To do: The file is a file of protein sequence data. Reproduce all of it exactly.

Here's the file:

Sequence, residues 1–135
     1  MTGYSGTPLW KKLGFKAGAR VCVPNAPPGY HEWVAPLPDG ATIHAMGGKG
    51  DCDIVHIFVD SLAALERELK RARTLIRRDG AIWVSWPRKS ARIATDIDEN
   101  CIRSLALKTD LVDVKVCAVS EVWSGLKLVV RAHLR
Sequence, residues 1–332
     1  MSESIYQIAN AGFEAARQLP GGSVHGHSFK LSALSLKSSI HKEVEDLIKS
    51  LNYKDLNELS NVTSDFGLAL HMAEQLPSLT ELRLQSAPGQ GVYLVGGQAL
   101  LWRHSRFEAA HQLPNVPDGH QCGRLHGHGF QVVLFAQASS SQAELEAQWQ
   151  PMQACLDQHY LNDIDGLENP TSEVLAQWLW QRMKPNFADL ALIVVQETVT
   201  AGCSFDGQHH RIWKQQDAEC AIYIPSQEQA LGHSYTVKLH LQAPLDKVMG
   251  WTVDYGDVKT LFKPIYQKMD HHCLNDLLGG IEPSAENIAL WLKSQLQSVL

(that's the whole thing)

Sequence, residues 1–135
     1  MTGYSGTPLW KKLGFKAGAR VCVPNAPPGY HEWVAPLPDG ATIHAMGGKG
    51  DCDIVHIFVD SLAALERELK RARTLIRRDG AIWVSWPRKS ARIATDIDEN
   101  CIRSLALKTD LVDVKVCAVS EVWSGLKLVV RAHLR
Sequence, residues 1–332
     1  MSESIYQIAN AGFEAARQLP GGSVHGHSFK LSALSLKSSI HKEVEDLIKS
    51  LNYKDLNELS NVTSDFGLAL HMAEQLPSLT ELRLQSAPGQ GVYLVGGQAL
   101  LWRHSRFEAA HQLPNVPDGH QCGRLHGHGF QVVLFAQASS SQAELEAQWQ
   151  PMQACLDQHY LNDIDGLENP TSEVLAQWLW QRMKPNFADL ALIVVQETVT
   201  AGCSFDGQHH RIWKQQDAEC AIYIPSQEQA LGHSYTVKLH LQAPLDKVMG
   251  WTVDYGDVKT LFKPIYQKMD HHCLNDLLGG IEPSAENIAL WLKSQLQSVL